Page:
The USS Pine Island (AV-12), a Currituck-class seaplane tender, is the only ship of the United States Navy to hold this name. The ship was named after Pine Island Sound (off the coast of Lee County, Florida).
World War II: Departing California on 16 June 1945, Pine Island steamed to Okinawa. There she tended seaplanes engaged in air-sea rescue operations during the final phases of World War II. At the end of the war, she entered Tokyo Bay and contributed seaplane flight operations to the occupation of Japan in 1945. Following occupation duty in Japan, she conducted seaplane flight operations in the Whangpoo River near Shanghai, China. She left the Pacific in 1946, and steamed via the Suez Canal to Norfolk, Virginia.
Operation Highjump: Departing Norfolk on December 4, she crossed the Antarctic Circle on 25 December 1946. Carrying three PBM-5 Mariner seaplanes; one Sikorsky HO3S-1 helicopter and one Curtis SOC Seagull amphibian, she contributed to the aerial exploration of Antarctica in Operation Highjump, and saved several downed aviators from the hostile climate. In addition a bay in Antarctica, Pine Island Bay, was named in honor of the ship. A glacier on Thurston Island was also named after the ship. Departing the Antarctic in March, she traveled from Rio de Janeiro via the Panama Canal to San Diego, California, arriving there in April. Leaving California for the Far East in August 1947, she spent the winter at Tsingtao, China and the summer of 1948 in the Northern Pacific. Awaiting a major overhaul in 1949, she was decommissioned on 1 May 1950.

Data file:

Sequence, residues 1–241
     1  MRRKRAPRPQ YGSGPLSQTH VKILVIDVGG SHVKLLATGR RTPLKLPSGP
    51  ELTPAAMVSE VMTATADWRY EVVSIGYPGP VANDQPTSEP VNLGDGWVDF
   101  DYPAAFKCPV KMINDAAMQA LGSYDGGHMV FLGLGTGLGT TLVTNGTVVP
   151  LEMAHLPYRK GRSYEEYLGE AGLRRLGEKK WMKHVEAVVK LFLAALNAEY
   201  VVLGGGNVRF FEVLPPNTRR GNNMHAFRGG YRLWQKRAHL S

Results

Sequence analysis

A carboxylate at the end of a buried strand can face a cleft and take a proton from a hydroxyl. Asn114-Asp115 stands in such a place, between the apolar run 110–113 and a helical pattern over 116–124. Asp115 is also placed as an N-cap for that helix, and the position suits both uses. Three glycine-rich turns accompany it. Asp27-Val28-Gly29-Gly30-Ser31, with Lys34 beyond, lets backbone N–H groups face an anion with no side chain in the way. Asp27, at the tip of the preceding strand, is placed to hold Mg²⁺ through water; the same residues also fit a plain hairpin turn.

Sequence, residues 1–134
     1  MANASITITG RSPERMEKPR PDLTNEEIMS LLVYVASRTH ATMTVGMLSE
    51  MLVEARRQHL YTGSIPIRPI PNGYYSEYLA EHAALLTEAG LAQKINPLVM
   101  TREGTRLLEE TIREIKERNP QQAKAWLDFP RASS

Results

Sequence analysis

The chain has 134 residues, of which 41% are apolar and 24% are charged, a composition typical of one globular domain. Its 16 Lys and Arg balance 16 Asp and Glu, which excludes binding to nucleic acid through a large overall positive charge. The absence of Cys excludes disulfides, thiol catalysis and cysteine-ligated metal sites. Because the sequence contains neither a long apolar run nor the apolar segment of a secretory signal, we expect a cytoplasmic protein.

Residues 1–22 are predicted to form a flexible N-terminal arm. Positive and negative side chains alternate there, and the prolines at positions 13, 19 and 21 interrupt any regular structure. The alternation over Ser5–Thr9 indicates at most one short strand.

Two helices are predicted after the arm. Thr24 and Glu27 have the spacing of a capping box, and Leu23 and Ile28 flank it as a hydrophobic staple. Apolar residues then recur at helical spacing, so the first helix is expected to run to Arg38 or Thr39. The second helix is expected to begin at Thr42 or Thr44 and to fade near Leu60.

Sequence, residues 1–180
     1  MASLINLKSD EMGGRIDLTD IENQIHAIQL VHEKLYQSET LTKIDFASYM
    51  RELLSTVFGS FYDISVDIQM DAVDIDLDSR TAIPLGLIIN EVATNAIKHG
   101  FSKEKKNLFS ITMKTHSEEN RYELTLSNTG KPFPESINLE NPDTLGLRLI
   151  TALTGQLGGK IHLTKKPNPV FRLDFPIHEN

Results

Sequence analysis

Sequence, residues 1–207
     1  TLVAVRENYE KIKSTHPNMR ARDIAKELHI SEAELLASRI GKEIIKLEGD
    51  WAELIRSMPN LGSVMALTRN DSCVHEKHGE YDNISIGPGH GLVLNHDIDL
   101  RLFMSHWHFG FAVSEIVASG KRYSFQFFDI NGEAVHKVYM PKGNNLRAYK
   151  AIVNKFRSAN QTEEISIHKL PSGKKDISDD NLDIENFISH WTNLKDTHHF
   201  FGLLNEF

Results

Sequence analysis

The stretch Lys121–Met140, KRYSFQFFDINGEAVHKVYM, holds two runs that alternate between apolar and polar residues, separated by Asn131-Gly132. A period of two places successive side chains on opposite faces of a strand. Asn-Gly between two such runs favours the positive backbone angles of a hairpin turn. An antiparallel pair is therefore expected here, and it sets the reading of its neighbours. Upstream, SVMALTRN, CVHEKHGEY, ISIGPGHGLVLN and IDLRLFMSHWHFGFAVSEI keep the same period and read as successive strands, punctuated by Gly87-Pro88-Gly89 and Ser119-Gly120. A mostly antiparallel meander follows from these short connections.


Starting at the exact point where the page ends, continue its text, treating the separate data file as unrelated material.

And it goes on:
Korean War: Recommissioned on 7 October 1950 at Alameda, California, in response to the Korean War, she departed for the Western Pacific in December. She tended seaplanes that flew missions over enemy-held territory in Korea, before returning to San Diego in September 1951. She was away from California on WestPac deployments January to September 1952, February to September 1953, January to August 1954, and February to August 1955. Deployed to WestPac in June 1956, she visited Brunei, Borneo, in August, before returning to San Diego in December. From April to December 1957 she operated again in WestPac. Sailing for WestPac in May 1958, she visited Bangkok, Thailand, and was at Kaohsiung, Taiwan, during the Second Taiwan Strait Crisis. She returned to San Diego in December, and departed for WestPac in June 1959. During 1960 and 1961 she continued her Pacific duties. Deployed to WestPac from January to June 1962, she embarked news media personnel from several countries in March in connection with the SEATO exercise "Tulungan." Steaming for WestPac in March 1963, she operated out of Okinawa, received visitors at Chinhae, Korea, in June, and delivered fresh water to Hong Kong in August, before returning to San Diego in September. In January 1964 she departed San Diego for the Galapagos Islands, where she provided assistance to scientists before returning to San Diego in February.
Vietnam War: Deployed to WestPac in June 1964, she served at Da Nang, South Vietnam, in August. In September 1965, she returned to WestPac, conducted seaplane operations in Cam Ranh Bay, South Vietnam, and participated in the 1966 Coral Sea anniversary festivities in Australia and New Zealand before returning to San Diego in June. It also took place in Operation Market Time. Decommissioned in Puget Sound Naval Shipyard on 16 June 1967, Pine Island entered the Maritime Administration's National Defense Reserve Fleet, at Suisun Bay, CA, where she remained until stricken on 1 February 1971, and was later sold to Zidell Exploration of Portland, Oregon on 7 March 1972. Pine Island received one battle star for World War II service, and service medals for Korea and Vietnam.